You should probably stop flying Alaska Airlines:
Today’s flight deck is full of incredible professionals, but also lacking diversity. African American female pilots make up about one half of 1 percent of all professional pilots across the industry. At Alaska, we’re all about people and reflecting those we serve, but this statistic is a reminder of how far we have to go.
This morning, we signed a new pledge with Sisters of the Skies, a nonprofit committed to pilot diversity. We aim to increase our female African American pilots over the next six years across Alaska Airlines and Horizon Air, and support the path to expose and inspire more young women to get there.
“When we foster an inclusive environment that recognizes, respects, and visibly reflects allpeople, it makes us stronger,” said Andy Schneider, Alaska Airlines vice president of people. “Quite simply, creating an airline people love is not possible unless we walk the talk around diversity and inclusion.”
Today, we only have four African American female pilots at Alaska and Horizon combined, which is about 1 percent. It begs the question: why so few?
Unfortunately, there isn’t a pool of qualified African American women ready to be hired. And creating this pool takes time.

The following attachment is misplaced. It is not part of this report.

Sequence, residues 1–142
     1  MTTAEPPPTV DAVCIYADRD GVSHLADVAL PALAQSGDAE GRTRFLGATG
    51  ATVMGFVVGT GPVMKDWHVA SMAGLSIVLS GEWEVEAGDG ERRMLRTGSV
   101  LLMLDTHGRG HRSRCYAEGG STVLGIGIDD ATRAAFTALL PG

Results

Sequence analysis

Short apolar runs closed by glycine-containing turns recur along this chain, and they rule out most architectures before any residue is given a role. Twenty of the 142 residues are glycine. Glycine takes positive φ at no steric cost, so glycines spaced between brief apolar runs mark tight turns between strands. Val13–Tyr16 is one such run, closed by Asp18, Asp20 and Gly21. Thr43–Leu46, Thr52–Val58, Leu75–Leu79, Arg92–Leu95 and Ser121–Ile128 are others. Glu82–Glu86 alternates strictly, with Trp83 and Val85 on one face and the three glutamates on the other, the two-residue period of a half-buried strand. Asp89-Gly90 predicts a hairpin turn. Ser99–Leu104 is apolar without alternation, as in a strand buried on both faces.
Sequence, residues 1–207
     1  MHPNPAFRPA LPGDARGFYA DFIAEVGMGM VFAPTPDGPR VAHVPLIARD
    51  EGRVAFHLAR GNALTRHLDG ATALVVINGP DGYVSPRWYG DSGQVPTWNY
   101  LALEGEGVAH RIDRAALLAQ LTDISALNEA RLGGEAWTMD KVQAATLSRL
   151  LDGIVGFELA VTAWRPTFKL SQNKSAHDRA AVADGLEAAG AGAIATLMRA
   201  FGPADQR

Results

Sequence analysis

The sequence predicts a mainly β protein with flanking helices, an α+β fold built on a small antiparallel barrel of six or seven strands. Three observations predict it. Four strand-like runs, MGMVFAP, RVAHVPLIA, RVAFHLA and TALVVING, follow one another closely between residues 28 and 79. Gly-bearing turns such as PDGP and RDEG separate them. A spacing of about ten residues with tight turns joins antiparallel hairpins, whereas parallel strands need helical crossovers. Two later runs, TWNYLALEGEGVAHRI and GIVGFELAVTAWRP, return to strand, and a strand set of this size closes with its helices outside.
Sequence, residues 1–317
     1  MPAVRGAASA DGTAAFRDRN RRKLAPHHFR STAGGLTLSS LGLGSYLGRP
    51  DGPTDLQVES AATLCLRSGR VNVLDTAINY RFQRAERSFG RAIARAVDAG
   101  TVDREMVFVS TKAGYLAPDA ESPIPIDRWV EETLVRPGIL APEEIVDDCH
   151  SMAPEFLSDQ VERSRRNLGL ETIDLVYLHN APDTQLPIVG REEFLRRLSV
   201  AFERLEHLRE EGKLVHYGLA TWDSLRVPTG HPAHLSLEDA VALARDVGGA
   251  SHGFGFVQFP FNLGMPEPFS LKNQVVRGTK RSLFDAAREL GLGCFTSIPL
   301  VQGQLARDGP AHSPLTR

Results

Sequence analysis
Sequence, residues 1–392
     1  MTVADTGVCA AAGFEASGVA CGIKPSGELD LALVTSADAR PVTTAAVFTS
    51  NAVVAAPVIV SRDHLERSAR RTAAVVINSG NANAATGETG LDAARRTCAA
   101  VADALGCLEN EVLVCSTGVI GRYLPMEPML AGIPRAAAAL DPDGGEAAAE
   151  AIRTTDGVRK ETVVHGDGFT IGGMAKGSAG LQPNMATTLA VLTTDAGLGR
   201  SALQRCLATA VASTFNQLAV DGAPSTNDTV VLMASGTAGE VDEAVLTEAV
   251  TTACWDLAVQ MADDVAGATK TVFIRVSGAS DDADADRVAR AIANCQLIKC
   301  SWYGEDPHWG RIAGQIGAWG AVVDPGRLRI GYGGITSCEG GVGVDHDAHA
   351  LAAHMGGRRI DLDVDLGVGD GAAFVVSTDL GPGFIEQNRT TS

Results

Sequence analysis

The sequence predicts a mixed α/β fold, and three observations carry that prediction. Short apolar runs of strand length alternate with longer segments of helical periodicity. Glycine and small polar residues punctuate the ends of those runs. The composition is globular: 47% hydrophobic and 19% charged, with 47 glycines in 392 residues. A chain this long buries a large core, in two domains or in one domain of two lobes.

Would you feel better flying with a particular airline knowing your pilot wasn’t the best available option, but rather hired to fill a particular diversity quota? It is time to move on to using a different company when their aim shifts from providing the best possible service or product and focuses instead on social justice initiatives.
Affirmative action is not only racist and unfair to those who are well qualified but are not accepted because they do not fulfill a diversity quota, but it also takes away from qualified candidates who are people of color. Harvard University is currently in a law suit for alleged discrimination against Asians. They regularly accept African Americans with far lower test scores than whites or Asians. This happens when applying to medical and law school as well. Now, knowing this, it is easy to see how one could discriminate against wanting a black doctor or lawyer knowing that some are admitted with lower scores and potentially perform at a lower standard. Setting aside how awful this is to begin with, it also takes away from legitimately well-qualified African-American candidates who may have scored high on test scores and gotten in legitimately. But knowing there is this bias, someone looking for a surgeon or lawyer may think they are less qualified knowing how the system works.
Whether it is hiring someone for a job or choosing a surgeon, it would be nice for people to be judged on merit rather than skin color or sex. Those who think they are doing some kind of good by promoting diversity hires are the real racists and are performing a disservice to the very groups they are hoping to help. Everybody loses in the end when you hire to fulfill some racial or sexual quota rather than hiring the best person for the job.